The 2016 Iowa caucuses are still more than 22 months away. But according to a Quinnipiac University poll released Thursday, Hillary Clinton leads among all possible presidential candidates by double digits.
In potential presidential matchups, the former secretary of state and first lady would defeat Kentucky Sen. Rand Paul (49 percent to 39 percent), former Florida Gov. Jeb Bush (51 percent to 37 percent) and Texas Sen. Ted Cruz (51 percent to 35 percent), the poll found.
Nearly half (48 percent) of Iowa voters said they would favor Clinton over scandal-plagued New Jersey Gov. Chris Christie (35 percent) in a theoretical general election. In December, the same poll had Christie (45 percent) leading Clinton (40 percent).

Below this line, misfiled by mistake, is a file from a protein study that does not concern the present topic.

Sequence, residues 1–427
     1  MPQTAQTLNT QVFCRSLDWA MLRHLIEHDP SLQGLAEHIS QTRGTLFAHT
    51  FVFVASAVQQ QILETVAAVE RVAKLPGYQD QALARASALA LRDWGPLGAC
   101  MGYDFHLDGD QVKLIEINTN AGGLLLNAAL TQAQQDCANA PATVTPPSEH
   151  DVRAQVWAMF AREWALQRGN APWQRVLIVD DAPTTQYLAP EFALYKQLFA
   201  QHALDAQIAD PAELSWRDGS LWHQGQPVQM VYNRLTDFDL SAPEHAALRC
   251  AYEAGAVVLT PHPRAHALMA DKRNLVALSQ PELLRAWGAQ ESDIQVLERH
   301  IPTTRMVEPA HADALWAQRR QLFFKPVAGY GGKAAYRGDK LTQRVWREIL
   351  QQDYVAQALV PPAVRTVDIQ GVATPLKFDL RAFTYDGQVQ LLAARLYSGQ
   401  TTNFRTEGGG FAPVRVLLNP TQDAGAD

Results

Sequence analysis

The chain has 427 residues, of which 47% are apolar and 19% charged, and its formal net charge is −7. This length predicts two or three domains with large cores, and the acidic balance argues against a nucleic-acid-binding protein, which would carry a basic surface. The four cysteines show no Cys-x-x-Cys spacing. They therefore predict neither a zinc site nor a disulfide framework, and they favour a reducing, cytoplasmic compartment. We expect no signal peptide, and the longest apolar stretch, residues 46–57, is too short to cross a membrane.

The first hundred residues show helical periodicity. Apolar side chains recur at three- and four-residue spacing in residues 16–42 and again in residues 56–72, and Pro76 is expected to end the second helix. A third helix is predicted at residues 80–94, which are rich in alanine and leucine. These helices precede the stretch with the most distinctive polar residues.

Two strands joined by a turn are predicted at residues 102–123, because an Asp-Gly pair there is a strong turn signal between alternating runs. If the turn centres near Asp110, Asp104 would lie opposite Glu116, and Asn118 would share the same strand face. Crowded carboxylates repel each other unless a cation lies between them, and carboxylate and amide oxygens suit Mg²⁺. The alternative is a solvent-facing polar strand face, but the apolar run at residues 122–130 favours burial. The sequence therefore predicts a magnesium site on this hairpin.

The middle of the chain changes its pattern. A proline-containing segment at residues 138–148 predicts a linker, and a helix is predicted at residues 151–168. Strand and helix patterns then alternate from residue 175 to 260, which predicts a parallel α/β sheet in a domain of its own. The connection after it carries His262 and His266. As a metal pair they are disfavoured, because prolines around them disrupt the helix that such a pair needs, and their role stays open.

Clinton is also the only candidate who a majority of Iowans (55 percent) believe would make a good president.
Her apparent cushion in Iowa is some rare good news for Democrats reeling from President Barack Obama's dismal approval rating.
The poll found that most Iowans, like the rest of the country, disapprove of the job the president is doing. Obama's approval rating in Iowa (39 percent) is in line with his national approval rating (41 percent).
According to an NBC News/Wall Street Journal poll released Wednesday, 33 percent of Americans say their vote in the upcoming midterm elections "will be to signal opposition to the president rather than to signal support."
And nearly half (48 percent) of voters polled say they will be less likely to vote for a candidate who supports the administration, while about a quarter (26 percent) say they will be more likely to vote for a pro-Obama candidate.